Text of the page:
# On two requirements in order for an equation describing the propulsion of a rocket to hold

A rocket moving with a velocity $$v$$ releases a mass $$\Delta m$$ (fuel exhaustion) at a speed $$v_{0}$$ in a time interval $$t$$ and $$t+\Delta t$$, and increases its velocity by $$\Delta v$$.

If we apply conservation of momentum in the reference frame of the rocket, we get (in magnitudes) $$\Delta m \times v_{0} = m \times \Delta v$$

or $$\Delta v = v_{0}\frac{\Delta m}{m}.$$

In A.P. French's Newtonian Mechanics, page $$328$$, the author says about the above equation,

This equation is not quite exact. But as we let $$\Delta t$$ approach zero, the error approaches zero. As long as $$\Delta v/ v_{0}$$ is much smaller than unity, the equation above is an excellent approximation.

Question1: In deriving the equality, we did not impose any condition condition upon $$\Delta t$$, so where does this said error arise from?

Question2: We obtained the relation using conservation of momentum only; so where did the requirement $$\Delta v/ v_{0} \ll 1$$ come from? Is it an empirical observation?

Let's look at the conservation of momentum with respect to the ground frame (as done in French's book). $$(m+\Delta m)v = m(v+\Delta v) + \underbrace{\Delta m (v-v_0)}_{\text{not exact}} \tag{1}$$

There's a nuance here because $$v_0$$ is the exit velocity of the burned-up fuel particles with respect to the rocket's frame of reference. And we know that the rocket's speed is changing with time. So, the term with the underbrace in equation $$(1)$$ is an approximation and can't be valid when the mass $$\Delta m$$ is being released continuously with exit velocity $$v_0$$ with respect to the frame of the rocket.

The assumption : In the time interval $$\Delta t$$, the rocket's speed $$v$$ hasn't changed by a very large amount ($$\Rightarrow \Delta v/v_0 << 1$$). As the time interval $$\Delta t$$ becomes smaller and smaller, the situation becomes more and more equivalent to the case of a mass-chunk $$\Delta m$$ (as a whole) detaching from the rocket with speed $$(v-v_0)$$ at time $$t+\Delta t$$, for which we know equation $$(1)$$ is exact.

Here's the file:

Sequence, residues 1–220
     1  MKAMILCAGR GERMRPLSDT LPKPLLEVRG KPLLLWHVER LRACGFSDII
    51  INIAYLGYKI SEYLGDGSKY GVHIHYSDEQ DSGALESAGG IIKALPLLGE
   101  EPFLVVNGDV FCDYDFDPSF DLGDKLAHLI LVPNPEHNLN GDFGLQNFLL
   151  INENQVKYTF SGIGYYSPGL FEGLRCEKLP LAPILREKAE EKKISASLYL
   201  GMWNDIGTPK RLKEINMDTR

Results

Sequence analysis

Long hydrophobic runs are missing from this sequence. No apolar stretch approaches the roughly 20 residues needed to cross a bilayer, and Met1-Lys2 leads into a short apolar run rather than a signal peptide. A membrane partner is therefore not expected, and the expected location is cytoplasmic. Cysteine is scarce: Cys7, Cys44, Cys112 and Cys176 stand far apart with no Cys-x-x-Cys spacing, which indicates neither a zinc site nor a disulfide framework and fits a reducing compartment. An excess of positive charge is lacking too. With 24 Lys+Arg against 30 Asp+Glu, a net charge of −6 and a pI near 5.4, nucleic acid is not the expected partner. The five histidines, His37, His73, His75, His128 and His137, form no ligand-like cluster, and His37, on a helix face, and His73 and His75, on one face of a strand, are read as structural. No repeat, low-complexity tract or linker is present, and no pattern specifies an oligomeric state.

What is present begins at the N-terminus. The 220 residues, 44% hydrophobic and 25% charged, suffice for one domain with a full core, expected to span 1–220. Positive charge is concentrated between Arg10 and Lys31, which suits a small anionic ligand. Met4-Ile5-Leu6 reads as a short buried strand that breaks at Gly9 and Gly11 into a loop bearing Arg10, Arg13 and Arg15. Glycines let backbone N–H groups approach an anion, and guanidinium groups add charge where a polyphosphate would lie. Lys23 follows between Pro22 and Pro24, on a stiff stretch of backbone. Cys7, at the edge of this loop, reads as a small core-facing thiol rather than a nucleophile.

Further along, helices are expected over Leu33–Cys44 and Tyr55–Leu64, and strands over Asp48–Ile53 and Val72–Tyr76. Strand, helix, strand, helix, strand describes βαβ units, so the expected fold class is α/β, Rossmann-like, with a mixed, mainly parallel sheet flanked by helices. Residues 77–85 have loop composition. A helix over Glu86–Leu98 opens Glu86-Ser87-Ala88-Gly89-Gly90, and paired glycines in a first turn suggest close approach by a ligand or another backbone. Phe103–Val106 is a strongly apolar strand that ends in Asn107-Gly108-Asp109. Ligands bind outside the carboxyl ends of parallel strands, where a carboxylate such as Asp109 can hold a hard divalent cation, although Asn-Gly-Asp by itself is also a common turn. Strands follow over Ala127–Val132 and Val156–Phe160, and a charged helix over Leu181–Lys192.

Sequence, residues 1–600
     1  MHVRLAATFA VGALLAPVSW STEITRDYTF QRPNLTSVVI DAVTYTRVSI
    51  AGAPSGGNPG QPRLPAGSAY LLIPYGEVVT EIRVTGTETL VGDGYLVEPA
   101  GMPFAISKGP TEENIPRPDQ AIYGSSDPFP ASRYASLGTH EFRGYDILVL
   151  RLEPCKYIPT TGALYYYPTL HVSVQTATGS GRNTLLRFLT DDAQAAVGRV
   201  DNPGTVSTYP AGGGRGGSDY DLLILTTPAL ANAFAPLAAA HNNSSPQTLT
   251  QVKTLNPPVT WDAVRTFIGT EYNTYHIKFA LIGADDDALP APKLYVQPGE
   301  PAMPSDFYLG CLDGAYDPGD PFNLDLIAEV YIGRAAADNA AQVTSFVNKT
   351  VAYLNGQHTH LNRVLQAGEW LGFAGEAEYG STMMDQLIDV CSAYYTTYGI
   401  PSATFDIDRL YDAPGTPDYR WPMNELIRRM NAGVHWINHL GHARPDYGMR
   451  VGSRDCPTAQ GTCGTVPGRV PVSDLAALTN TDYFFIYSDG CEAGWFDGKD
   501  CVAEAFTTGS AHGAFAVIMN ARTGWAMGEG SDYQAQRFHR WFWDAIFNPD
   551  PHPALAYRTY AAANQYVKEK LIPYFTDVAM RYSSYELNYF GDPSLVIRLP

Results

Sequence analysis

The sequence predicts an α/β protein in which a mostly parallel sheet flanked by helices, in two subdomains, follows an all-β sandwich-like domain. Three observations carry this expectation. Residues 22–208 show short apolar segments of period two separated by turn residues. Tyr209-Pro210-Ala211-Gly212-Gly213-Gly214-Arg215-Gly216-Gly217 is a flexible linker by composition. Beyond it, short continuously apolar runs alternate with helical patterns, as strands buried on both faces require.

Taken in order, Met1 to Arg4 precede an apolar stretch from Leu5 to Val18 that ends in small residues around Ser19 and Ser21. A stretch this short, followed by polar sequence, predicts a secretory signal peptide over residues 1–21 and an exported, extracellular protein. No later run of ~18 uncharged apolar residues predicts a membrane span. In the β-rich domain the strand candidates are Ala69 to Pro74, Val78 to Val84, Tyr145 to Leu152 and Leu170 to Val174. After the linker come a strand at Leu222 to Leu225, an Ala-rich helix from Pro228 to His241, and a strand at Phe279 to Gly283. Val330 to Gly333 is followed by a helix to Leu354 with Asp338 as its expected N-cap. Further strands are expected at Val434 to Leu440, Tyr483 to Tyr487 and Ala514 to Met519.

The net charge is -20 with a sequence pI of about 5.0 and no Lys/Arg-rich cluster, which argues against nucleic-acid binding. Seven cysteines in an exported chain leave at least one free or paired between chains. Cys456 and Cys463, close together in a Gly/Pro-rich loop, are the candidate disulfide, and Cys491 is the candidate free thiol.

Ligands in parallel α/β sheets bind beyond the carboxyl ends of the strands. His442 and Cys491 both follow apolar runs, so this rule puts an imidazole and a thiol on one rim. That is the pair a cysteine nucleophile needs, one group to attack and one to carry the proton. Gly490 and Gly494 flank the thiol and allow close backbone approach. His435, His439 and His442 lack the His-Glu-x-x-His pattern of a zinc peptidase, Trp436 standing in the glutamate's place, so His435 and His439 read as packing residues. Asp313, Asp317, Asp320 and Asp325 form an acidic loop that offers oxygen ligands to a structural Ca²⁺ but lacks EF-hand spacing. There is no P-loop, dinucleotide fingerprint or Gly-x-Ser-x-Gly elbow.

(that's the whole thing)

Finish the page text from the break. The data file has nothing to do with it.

$$\mathbf{\text{EDIT (Response to comments are made here)}} :$$

If we apply conservation of momentum in the reference frame of the rocket, we get (in magnitudes) $$\Delta m v_0 = m \Delta v \tag{2}$$

Let's be precise here. Equation $$(2)$$ (which comes from momentum conservation) was calculated in an inertial frame (call it $$S$$) that was comoving with the rocket at time $$t$$ : the rocket was at rest with respect to this frame at time $$t$$ (and time $$t$$ alone). At time $$t+\Delta t$$, we observe the rocket to be moving at speed $$\Delta v$$ in this frame. This frame is different from the non-inertial frame that's attached to the rocket at all times (call it $$S'$$). If this distinction is clear, you will realize that it's not appropriate to call $$S$$ as the "rocket frame". Now, let's get to your question.

Equation $$(2)$$ is exactly true only when the entire $$\Delta m$$ is ejected continuously from the rocket with speed $$v_0$$ in frame $$S$$. But that is not the case for the same reason as I explained above (rocket's speed is changing). Fuel is ejected continuously at speed $$v_0$$ only in frame $$S'$$ that is attached to the rocket.

• So the problem is $v$ not being constant between $t$ and $t + \Delta t$. But why did this discrepancy not appear when we were in the rocket reference frame? Nov 1, 2019 at 10:51
• Hey @Hilbert, check my edit. Nov 1, 2019 at 11:16

If all the exhaust is released at once ($$\Delta t$$ approaches zero) then all of the rearward momentum given to the exhaust ($$\Delta m$$) is countered by the increased velocity of the mass $$m$$.

But over an extended period of time, the portion that is burned first pushes back not on $$m$$, but on $$m$$ plus the not-yet-burned $$\Delta m$$. The extra mass means the velocity increase is not as large.